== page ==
«Democracies have to support each other even stronger» – Oleksandra Matviichuk at Nobel Prize Dialogue Brussels

On March 5th the Dialogue titled «Fact & Fiction: The Future of Democracy» was hosted in Brussels, gathering Nobel Prize laureates, thought leaders, and scientists. The conference was organized as part of the Nobel Prize Dialogue, inspired by the Nobel Week Dialogue, which has been taking place in Sweden since 2012 on the day before the Nobel Prize award ceremony. Oleksandra Matviichuk, Head of the Center for Civil Liberties, delivered the speech at the meeting. 

Among other notable speakers were Maria Ressa, a journalist and the 2021 Nobel Peace Prize Laureate recognized for her efforts to safeguard freedom of expression in the Philippines; Ben Feringa, recipient of the 2016 Nobel Prize in Chemistry; and Paul Nurse, recipient of the 2001 Nobel Prize in Physiology or Medicine.

The discussion also welcomed European Commission Vice-President Vêra Jourová and Demis Hassabis, CEO of Google DeepMind to explore the influence of artificial intelligence on science, society, and democracy.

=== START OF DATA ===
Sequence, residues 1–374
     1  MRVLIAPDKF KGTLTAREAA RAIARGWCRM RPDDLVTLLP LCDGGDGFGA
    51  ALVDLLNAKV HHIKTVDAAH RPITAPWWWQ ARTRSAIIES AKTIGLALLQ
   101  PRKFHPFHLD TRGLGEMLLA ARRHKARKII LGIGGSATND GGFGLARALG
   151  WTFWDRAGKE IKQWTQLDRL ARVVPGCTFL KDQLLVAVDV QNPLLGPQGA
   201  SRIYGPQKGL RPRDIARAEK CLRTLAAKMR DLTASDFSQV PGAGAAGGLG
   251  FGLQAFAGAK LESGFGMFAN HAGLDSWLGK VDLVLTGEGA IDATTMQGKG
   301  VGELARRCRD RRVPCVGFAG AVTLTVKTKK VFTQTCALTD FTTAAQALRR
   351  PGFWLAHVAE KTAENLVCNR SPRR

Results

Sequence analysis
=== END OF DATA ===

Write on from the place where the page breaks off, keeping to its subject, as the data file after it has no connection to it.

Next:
Oleksandra Matviichuk participated in a public dialogue on the power of narratives and media manipulation, particularly in times of war. Oleksandra highlighted that 2024 poses significant challenges not only for Ukraine but for democracies worldwide. Oleksandra stated, «Half of the population on the Earth will go to election, but 80% of those people live in non-free or partially free societies, where elections are more of a facade than a real democratic process».

The human rights lawyer emphasized that China, Iran, and other authoritarian countries supply Russia with crucial technologies, thus becoming allies in supporting authoritarian regimes. In response, she urged democratic countries to support each other even stronger.

Translated from Ukrainian by Maria Melnyk, the Center for Civil Liberties volunteer.

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